(This article belongs to the Section Physical Sensors)
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Open AccessArticle Enhanced Visualization of Fine Needles Under Sonographic Guidance Using a MEMS Actuator
Sensors 2015, 15(2), 3107-3115; doi:10.3390/s150203107
Received: 16 December 2014 / Accepted: 27 January 2015 / Published: 30 January 2015
Cited by 4 | PDF Full-text (1247 KB) | HTML Full-text | XML Full-text
Abstract
Localization of a needle tip is important for biopsy examinations in clinics. However, the needle tip is sometimes difficult to discern under the guidance of sonography due to its poor visibility. A mini actuator that radiates a low-intensity ultrasound wave was manufactured using
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Localization of a needle tip is important for biopsy examinations in clinics. However, the needle tip is sometimes difficult to discern under the guidance of sonography due to its poor visibility. A mini actuator that radiates a low-intensity ultrasound wave was manufactured using micro-electro-mechanical system (MEMS) technology. Interference between the radiated and diagnostic ultrasound pulses was observed as bright lines in the B-mode ultrasound image, from which the mini actuator could be recognized with ease. Because the distance between the mini actuator and the needle tip is fixed, the needle tip can be determined despite its inconsistent appearance in the sonography. Both gel phantom and ex vivo tissue evaluation showed that the needle tip can be determined reliably utilizing the acoustic interference pattern. Full article
Open AccessArticle Aquatic Debris Detection Using Embedded Camera Sensors
Sensors 2015, 15(2), 3116-3137; doi:10.3390/s150203116
Received: 16 December 2014 / Revised: 22 January 2015 / Accepted: 27 January 2015 / Published: 30 January 2015
Cited by 6 | PDF Full-text (3186 KB) | HTML Full-text | XML Full-text
Abstract
Aquatic debris monitoring is of great importance to human health, aquatic habitats and water transport. In this paper, we first introduce the prototype of an aquatic sensor node equipped with an embedded camera sensor. Based on this sensing platform, we propose a fast
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Aquatic debris monitoring is of great importance to human health, aquatic habitats and water transport. In this paper, we first introduce the prototype of an aquatic sensor node equipped with an embedded camera sensor. Based on this sensing platform, we propose a fast and accurate debris detection algorithm. Our method is specifically designed based on compressive sensing theory to give full consideration to the unique challenges in aquatic environments, such as waves, swaying reflections, and tight energy budget. To upload debris images, we use an efficient sparse recovery algorithm in which only a few linear measurements need to be transmitted for image reconstruction. Besides, we implement the host software and test the debris detection algorithm on realistically deployed aquatic sensor nodes. The experimental results demonstrate that our approach is reliable and feasible for debris detection using camera sensors in aquatic environments. Full article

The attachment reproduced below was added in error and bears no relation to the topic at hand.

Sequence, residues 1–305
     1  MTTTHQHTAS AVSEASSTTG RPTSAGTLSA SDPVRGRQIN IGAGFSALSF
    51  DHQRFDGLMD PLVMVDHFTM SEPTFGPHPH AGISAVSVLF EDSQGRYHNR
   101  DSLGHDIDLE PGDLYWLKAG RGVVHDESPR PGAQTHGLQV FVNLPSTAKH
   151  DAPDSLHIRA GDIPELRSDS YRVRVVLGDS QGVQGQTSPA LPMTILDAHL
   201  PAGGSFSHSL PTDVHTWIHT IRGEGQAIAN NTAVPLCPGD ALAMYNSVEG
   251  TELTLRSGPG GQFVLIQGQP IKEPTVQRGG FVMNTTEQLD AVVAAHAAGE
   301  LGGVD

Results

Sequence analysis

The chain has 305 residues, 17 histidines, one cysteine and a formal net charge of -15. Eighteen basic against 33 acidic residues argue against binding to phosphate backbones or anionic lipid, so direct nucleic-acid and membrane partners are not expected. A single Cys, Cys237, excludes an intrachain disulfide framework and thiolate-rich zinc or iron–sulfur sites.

(This article belongs to the Section Physical Sensors)
Open AccessArticle Optical Microsystem for Analysis of Diffuse Reflectance and Fluorescence Signals Applied to Early Gastrointestinal Cancer Detection
Sensors 2015, 15(2), 3138-3153; doi:10.3390/s150203138
Received: 17 September 2014 / Accepted: 23 January 2015 / Published: 30 January 2015
Cited by 3 | PDF Full-text (1232 KB) | HTML Full-text | XML Full-text
Abstract
The detection of cancer at its earliest stage is crucial in order to increase the probability of a successful treatment. Optical techniques, specifically diffuse reflectance and fluorescence, may considerably improve the ability to detect pre-cancerous lesions. These techniques have high sensitivity to some
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The detection of cancer at its earliest stage is crucial in order to increase the probability of a successful treatment. Optical techniques, specifically diffuse reflectance and fluorescence, may considerably improve the ability to detect pre-cancerous lesions. These techniques have high sensitivity to some biomarkers present on the tissues, providing morphological and biochemical information of normal and diseased tissue. The development of a chip sized spectroscopy microsystem, based on these techniques, will greatly improve the early diagnosis of gastrointestinal cancers. The main innovation is the detection of the spectroscopic signals using only few, but representative, spectral bands allowing for miniaturization. This paper presents the mathematical models, its validation and analysis for retrieving data of the measured spectroscopic signals. These models were applied to a set of phantoms clearly representative of gastrointestinal tissues, leading to a more accurate diagnostic by a pathologist. Moreover, it was demonstrated that the models can use the reconstructed spectroscopic signals based only on its extraction on those specific spectral bands. As a result, the viability of the spectroscopy microsystem implementation was proved. Full article
(This article belongs to the Special Issue Advances in Optical Biosensors)
Open AccessArticle Research on Initial Alignment and Self-Calibration of Rotary Strapdown Inertial Navigation Systems
Sensors 2015, 15(2), 3154-3171; doi:10.3390/s150203154
Received: 7 December 2014 / Revised: 19 January 2015 / Accepted: 20 January 2015 / Published: 30 January 2015